Award-winning Visual Effects artist at StarFest
Mr. Kramer has worked in the VFX industry for more than 30 years. He spent 12 of those years as a Senior Technical Director and Sequence Supervisor at George Lucas’s company, Industrial Light and Magic (ILM). He was an integral effects creator for some of the biggest blockbusters of all time, including the Academy Award winning Pirates of the Carribbean II: Dead Man’s Chest. Four other movies he worked on received Oscar nominations for Visual Effects: Twister, The Perfect Storm, Star Wars Episode I and Star Wars Episode II. If you recall the droid factory and the fiery lava planet in Star Wars II and III, the skittering scarab beetles in The Mummy and The Mummy Returns, the T-Rex and dinosaur stampede in Jurassic Park II, the Quidditch course in Harry Potter and the Chamber of Secrets, the Kraken in Pirates of the Carribbean II, or the Rock Monster in Galaxy Quest, you have experienced an impressive sampling of some of Ed’s many visual effects creations for film and television. He also helped create the Columbia Pictures “Lady with a Torch” logo seen at the beginning of every Columbia Pictures film since 1993.
Ed is currently the Visual Effects Supervisor for Denver-based Bloom Animation, and is a professor of Computer Graphics and Visual Effects for Regis University and the Colorado Film School. Through Bloom, he is also involved in two potential efforts to build large-scale studios in the Denver area. One of these is a feature-film studio with a plan to hire up to 200 animators to create a slate of both traditional and CGI animated films. The vision for the other would be a boutique-style digital 3-D movie production company that would utilize a Pixar-style approach to create virtual sets and locations, together with an elaborate process of virtual storyboarding, to revolutionize how visual effects in feature films are created and to save producers tremendous amounts of money in the process. This effort is being spearheaded by one of the most influential Visual Effects artists in the history of cinema.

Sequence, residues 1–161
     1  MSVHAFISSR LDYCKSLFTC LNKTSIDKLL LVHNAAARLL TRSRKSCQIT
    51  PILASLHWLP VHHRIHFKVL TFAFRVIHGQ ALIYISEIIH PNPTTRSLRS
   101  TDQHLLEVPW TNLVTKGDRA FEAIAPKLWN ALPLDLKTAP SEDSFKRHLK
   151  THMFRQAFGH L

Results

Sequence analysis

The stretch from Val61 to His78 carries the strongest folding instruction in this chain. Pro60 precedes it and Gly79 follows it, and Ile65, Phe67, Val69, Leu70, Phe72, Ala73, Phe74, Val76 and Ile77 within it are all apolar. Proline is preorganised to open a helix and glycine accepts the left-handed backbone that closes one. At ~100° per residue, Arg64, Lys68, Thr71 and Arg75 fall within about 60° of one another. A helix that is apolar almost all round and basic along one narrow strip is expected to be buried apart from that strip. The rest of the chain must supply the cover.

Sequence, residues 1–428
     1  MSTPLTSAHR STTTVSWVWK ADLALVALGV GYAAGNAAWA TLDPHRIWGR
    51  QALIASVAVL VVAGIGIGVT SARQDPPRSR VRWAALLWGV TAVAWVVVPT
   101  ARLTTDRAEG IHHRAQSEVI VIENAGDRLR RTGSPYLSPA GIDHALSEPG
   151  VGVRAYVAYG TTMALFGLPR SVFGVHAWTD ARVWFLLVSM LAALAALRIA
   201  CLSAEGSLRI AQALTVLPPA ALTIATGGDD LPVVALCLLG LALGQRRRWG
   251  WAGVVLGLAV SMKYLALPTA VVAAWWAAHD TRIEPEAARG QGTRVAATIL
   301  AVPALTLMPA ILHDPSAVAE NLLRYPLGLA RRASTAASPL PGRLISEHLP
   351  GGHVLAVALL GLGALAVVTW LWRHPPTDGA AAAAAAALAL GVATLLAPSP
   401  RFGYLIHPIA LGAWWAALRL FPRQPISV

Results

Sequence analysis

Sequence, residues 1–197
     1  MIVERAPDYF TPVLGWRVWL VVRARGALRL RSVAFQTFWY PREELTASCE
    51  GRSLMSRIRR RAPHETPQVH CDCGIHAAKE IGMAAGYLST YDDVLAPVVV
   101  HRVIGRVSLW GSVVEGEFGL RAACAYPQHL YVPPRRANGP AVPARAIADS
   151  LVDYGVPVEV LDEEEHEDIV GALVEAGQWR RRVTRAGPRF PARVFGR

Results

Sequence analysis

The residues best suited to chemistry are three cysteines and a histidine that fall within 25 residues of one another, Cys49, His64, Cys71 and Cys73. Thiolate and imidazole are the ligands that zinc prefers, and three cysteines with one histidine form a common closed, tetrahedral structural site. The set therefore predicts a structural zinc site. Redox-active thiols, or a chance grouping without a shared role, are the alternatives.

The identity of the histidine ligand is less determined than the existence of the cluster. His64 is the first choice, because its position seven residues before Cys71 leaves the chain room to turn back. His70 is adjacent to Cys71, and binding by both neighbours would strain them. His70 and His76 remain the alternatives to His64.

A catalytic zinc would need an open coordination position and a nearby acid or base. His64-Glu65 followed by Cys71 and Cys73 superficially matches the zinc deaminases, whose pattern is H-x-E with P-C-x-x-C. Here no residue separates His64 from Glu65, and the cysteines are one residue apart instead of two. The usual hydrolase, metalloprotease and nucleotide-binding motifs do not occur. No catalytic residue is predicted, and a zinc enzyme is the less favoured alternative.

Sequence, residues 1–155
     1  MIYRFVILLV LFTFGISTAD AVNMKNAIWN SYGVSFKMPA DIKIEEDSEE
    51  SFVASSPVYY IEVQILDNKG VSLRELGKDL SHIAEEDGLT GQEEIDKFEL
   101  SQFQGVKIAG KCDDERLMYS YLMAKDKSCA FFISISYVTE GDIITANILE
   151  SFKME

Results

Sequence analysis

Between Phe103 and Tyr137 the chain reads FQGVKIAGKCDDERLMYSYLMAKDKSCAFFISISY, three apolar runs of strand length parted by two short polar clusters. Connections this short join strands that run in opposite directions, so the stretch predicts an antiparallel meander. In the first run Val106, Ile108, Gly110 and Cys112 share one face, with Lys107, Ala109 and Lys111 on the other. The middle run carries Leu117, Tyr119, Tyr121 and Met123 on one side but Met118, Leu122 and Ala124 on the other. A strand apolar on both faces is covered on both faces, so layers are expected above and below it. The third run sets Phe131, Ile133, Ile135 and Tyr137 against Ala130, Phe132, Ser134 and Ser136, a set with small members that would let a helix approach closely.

At StarFest, Ed will show footage from his many years in CGI, hilighting important milestones in the evolution of the industry. He will also conduct a Q&A to discuss what it was like working at ILM on Star Wars and so many high-profile feature films, and any aspect of his VFX adventures the audience is interested in finding out about. Depending on the progress of the new studio ventures, he may be able to give us a glimpse into Denver’s future as the country’s newest high-tech feature film production center.